Want to get in shape but feel stretched for a long time? Using a resistance band can give you all the fitness flexibility you’re looking for – and more!
With this simple rubberized training aid, you can build strength and muscle mass without investing in fancy, space-consuming training equipment or an expensive gym membership. Best of all, they allow you to do many simple exercises in the privacy of your own home.
Lateral pulldown against the wall
This upper body workout is tailored to work your lats and upper back muscles — minus the weights. How to do that:
- With your back against the wall, loop the resistance band around both thumbs or wrists and stretch your arms straight up overhead.
- Bend your arms at the elbows at a 90-degree angle and extend the band as you bring your shoulder blades together.
- Raise your arms back up to the starting position. Repeat 10-15 times.
If you have shoulder problems, such as rotator cuff problems, be very careful with this exercise and don’t bring your elbows below shoulder height.
This exercise strengthens your glutes, hips, lower back and core muscles for a workout that really kicks. Remark: You need an extra long strap and a gym or yoga mat for this. How to do that:
- Get on your hands and knees. Wrap the resistance band around the sole of your left foot and use both hands to anchor the other end of the band in place on the floor with your body weight.
- Kick your left leg straight back, focusing on pushing the body away, not up.
- Bend your knee toward you and return your leg to the starting position. Repeat 10-15 times and then switch sides.
As with the fire hydrant drill, make sure to keep your back neutral the entire time. If your lower back bends toward the mat, do another exercise.
Side Plank Leg Lift
Do you have any love handles you’re not so in love with? This exercise works your abs, obliques and quadriceps. The obliques are vital stabilizers that help you stay strong and balanced. How to do that:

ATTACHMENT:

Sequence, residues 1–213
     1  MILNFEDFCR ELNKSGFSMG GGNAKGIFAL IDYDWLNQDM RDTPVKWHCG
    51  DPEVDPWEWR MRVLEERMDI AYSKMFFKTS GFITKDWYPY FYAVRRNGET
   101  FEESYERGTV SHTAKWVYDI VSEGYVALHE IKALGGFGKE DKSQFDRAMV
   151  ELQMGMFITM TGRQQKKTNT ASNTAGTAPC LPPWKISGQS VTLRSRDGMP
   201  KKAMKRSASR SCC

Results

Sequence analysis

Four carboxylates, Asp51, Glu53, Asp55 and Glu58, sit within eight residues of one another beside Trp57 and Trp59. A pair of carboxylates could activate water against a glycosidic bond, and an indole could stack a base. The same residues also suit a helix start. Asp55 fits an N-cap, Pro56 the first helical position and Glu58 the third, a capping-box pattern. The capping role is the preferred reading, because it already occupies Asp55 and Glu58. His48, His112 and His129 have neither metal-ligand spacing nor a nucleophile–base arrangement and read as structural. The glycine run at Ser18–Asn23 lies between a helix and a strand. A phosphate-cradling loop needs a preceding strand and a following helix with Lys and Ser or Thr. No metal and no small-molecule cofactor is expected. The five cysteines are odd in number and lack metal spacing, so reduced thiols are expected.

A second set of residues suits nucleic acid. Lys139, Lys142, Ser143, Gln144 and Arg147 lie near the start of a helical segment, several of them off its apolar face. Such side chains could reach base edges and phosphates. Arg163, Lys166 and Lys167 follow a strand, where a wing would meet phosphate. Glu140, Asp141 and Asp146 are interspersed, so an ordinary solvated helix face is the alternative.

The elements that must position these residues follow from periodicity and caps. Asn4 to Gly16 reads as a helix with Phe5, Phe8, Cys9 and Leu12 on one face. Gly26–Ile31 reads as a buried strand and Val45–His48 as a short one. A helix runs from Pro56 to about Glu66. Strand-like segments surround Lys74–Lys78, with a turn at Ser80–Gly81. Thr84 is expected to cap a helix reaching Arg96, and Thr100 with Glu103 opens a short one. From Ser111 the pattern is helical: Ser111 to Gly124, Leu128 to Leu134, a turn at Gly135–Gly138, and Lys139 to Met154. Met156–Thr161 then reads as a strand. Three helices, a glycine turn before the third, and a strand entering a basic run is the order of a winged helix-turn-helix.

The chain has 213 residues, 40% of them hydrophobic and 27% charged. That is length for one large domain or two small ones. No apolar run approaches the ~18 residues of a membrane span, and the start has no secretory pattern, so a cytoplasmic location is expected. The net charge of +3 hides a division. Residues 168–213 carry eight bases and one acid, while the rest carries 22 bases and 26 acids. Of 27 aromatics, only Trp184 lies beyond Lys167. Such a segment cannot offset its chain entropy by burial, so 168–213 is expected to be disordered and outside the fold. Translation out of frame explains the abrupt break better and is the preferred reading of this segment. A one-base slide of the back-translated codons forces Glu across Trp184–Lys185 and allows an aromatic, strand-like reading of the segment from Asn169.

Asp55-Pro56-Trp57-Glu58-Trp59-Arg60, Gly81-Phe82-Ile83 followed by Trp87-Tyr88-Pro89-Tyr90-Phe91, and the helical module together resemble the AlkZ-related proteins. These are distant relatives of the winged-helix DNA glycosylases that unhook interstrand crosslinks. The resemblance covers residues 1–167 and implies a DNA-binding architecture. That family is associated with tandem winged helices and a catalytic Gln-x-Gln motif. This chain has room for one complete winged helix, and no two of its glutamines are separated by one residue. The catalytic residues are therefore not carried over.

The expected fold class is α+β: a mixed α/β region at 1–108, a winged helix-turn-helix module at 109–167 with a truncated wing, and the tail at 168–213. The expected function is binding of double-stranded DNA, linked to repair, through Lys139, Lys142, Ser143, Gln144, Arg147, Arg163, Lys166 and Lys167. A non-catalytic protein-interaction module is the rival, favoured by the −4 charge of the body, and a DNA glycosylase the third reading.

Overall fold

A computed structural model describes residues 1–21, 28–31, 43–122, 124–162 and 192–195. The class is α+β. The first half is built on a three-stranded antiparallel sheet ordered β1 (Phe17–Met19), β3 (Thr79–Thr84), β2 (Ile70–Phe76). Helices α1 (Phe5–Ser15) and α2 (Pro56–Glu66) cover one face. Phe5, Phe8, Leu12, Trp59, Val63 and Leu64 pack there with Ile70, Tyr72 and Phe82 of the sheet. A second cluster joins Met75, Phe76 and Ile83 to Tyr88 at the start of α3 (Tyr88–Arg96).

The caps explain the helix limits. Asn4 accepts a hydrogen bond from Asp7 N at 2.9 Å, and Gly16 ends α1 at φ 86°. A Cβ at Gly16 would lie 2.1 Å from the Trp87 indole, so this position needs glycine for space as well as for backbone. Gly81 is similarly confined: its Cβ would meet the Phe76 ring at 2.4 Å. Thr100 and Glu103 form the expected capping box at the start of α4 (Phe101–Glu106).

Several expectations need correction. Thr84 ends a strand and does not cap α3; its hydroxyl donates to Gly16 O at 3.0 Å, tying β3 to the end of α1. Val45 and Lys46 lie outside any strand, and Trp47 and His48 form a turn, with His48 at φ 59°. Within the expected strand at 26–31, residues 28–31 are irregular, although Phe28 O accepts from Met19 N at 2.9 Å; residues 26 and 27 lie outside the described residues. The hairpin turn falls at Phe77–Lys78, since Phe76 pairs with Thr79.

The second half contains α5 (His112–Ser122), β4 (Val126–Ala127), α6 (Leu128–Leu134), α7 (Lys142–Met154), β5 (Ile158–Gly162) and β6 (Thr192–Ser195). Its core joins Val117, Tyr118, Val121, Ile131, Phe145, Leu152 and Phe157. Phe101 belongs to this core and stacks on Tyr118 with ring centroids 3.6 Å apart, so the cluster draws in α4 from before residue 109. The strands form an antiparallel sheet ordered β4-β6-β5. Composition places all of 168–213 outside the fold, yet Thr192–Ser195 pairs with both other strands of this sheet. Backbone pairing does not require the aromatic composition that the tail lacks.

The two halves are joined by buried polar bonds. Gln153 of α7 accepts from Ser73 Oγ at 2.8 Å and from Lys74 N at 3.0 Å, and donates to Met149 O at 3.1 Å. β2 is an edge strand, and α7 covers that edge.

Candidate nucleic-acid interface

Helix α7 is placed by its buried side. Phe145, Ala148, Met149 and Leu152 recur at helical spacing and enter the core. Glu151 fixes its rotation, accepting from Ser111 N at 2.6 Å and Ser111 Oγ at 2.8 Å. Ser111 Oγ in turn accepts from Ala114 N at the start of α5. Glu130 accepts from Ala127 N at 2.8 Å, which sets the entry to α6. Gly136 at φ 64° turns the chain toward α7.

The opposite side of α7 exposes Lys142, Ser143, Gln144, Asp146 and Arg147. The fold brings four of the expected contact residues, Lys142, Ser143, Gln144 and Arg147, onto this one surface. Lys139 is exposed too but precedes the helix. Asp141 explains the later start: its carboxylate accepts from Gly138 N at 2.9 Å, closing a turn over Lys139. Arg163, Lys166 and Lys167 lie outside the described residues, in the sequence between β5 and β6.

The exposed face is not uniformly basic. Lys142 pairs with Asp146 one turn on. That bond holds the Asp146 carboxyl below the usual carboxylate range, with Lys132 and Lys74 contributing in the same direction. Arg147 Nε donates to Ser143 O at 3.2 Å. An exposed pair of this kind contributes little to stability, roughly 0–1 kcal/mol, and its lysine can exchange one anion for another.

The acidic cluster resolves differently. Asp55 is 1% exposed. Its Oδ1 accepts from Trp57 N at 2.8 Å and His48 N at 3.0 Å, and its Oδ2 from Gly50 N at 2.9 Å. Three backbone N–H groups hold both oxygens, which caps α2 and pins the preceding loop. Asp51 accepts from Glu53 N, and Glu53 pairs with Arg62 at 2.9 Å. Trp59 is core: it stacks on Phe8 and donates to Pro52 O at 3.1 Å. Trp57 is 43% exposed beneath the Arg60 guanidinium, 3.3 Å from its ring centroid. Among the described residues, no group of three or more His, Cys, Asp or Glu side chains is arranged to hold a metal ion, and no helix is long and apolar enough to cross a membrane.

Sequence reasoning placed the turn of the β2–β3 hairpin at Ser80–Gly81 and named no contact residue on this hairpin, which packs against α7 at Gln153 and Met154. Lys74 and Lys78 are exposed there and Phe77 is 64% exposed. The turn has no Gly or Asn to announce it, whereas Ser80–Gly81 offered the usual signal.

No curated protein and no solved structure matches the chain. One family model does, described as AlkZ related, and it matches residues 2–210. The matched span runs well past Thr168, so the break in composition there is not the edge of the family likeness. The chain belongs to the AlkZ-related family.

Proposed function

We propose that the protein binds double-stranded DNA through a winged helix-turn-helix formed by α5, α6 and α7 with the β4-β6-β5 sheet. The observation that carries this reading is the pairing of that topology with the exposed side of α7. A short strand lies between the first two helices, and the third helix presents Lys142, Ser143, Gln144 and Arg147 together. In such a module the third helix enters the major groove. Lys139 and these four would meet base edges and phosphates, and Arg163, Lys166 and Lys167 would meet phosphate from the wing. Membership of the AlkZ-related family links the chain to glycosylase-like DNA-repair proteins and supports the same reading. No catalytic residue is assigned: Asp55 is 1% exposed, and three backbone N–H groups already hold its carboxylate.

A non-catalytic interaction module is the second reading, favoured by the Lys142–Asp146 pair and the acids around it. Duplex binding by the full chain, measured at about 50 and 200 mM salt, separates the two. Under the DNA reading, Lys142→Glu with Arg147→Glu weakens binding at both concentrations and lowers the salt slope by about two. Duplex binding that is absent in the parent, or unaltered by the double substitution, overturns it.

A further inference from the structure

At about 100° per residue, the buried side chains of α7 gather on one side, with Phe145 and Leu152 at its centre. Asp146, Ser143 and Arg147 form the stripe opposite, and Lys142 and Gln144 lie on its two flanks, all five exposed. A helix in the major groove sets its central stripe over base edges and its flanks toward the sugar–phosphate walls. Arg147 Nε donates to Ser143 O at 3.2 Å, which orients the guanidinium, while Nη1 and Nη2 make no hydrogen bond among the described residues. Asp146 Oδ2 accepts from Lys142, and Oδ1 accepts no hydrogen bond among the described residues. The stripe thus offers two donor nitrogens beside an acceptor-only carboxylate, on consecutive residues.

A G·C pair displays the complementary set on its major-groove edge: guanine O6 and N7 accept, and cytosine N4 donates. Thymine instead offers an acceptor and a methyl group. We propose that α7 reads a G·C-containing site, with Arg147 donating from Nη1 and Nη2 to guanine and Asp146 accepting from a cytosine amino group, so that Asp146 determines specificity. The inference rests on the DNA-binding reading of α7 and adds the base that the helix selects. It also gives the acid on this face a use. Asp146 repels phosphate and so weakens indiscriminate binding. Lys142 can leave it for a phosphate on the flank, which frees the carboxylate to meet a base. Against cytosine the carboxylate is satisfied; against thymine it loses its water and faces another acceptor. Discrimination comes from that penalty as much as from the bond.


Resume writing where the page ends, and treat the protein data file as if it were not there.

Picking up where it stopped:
- Lie on a gym or yoga mat with the resistance band wrapped around both ankles.
- Lift your left hand off the floor and roll to your right side, using your right elbow and the side of your right foot to balance your body weight in the side plank position. Your head, back, glutes, knees, and ankles should form a straight line (don’t drop your head or twist it to your top shoulder).
- Use your core muscles to slowly bring your left leg up to the ceiling and back down. Repeat 10-15 times, then work the other side.
Modify this move by keeping your lower hip on the floor or bringing it back to the floor while bringing your feet together each time.
Picture a dog lifting its paw to relieve itself against a fire hydrant, and it’s easy to see how this glute-toning move gets its name. How to do that:
- With the resistance band wrapped around your lower legs, sit on all fours on a gym or yoga mat. Make sure your hands are under your shoulders and your knees are under your hips.
- Keeping your knees bent, lift your right leg up and out to the side, hips and shoulders parallel to the floor.
- Lower your right leg back to the starting position without your knee touching the floor. Repeat 10-15 times and then switch to the other side.
Keep your core tight throughout the movement. If you find that your spine is bending, causing your stomach to sag, choose another exercise as it can hurt the lower back.
5. Standing Abduction
The abductors on the outside of your hips make it easier to step sideways, which we do a lot. This exercise can help strengthen those important muscles. How to do that:
- Pull the resistance band just above your knees. Make sure your head is up and your spine is straight. Stand by a wall if you feel off balance.
- With both feet facing forward, extend your left leg out until there is tension in the band. Hold for one count, then slowly return your left leg to the starting position.
- After 10-15 reps, repeat with your right leg.